Even through struggles, LSU put itself in a great position to beat Florida and potentially earn a spot in the Sugar Bowl on Saturday. The Tigers drove all the way from their own 25 to first-and-goal from the 7-yard line.
Since Leonard Fournette was limited by injury, Derrius Guice had a pair of rushes to get down to the 1-yard line with 24 seconds remaining and two plays left in the game.
The first was a fullback dive, which Florida stuffed at the goal line to force a decisive fourth down. LSU tossed it to Guice again, and he leaped into the mouth of the Florida defense but fumbled.
Plenty has to go wrong for LSU to lose 16-10 against a depleted Florida team. Having Fournette and linebacker Kendell Beckwith go down with injuries didn’t help. Several receivers dropped passes from Danny Etling.
But ultimately, the story of this game was really the story of the past few seasons at LSU. The defense played a heck of a game, holding Florida to just 270 yards and just over 5 yards per play. Ninety-eight of those yards and the Gators’ lone touchdown came on one missed tackle.
It didn’t matter. The offense, once again, faded in the most important spots.
The stats actually weren’t unkind to LSU. The Tigers posted 423 yards and Etling was pretty efficient, averaging 8.2 yards per passing attempt. But when it came to turning that production into points, LSU found itself as lost as ever.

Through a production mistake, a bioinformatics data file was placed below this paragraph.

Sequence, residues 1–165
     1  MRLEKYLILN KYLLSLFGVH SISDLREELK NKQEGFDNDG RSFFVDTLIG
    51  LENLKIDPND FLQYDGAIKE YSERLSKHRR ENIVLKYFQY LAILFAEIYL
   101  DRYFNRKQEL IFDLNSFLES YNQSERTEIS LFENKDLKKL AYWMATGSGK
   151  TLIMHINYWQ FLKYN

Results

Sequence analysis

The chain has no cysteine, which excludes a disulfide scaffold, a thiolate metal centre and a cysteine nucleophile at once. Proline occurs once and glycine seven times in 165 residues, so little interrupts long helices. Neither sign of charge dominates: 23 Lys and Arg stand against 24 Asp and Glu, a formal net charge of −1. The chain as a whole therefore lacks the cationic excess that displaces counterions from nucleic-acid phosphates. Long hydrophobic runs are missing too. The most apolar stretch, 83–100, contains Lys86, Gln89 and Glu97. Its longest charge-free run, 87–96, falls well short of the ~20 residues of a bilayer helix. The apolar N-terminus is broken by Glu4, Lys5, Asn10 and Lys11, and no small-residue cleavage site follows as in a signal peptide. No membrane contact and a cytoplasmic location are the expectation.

After a touchdown drive on its first drive, here’s the remaining drive chart: fumble, punt, punt, half, turnover on downs, punt, field goal, fumble.
Granted, Florida has a very good defense. The Gators rank No. 4 in defense S&P+, behind only Michigan, Alabama and Wisconsin. That said, Florida is ravaged by injuries, and the list includes standouts in linebackers Alex Anzalone and Jarrad Davis and safety Marcus Maye. That doesn’t even count players dealing with nagging injuries.
This is the same Florida team that allowed 466 yards and 31 points to Arkansas two weeks ago. It’s the same one that allowed 38 points against Tennessee, including 35 in one half. LSU is more talented than both of those teams. LSU at least should have been able to get close to those point totals against the depleted Gators.
I wrote last week for SEC Country about how Ed Orgeron still could earn the full-time head coaching job. It revolved around three ideas: Coach O had to win the rest of his games, win the hearts of the fan base and come up with a plan to revamp the offense. Unfortunately, LSU put all three keys into peril. Even though fans and sportswriters alike love the way Orgeron represents the program, it probably won’t be enough.
There have been clear offensive improvements compared to the Les Miles era, but LSU was still rendered completely ineffective against the two quality defenses on its schedule. This proves once again that a complete offensive transformation needs to happen in the offseason. After Saturday’s game, it’s unlikely that effort will involve Coach O.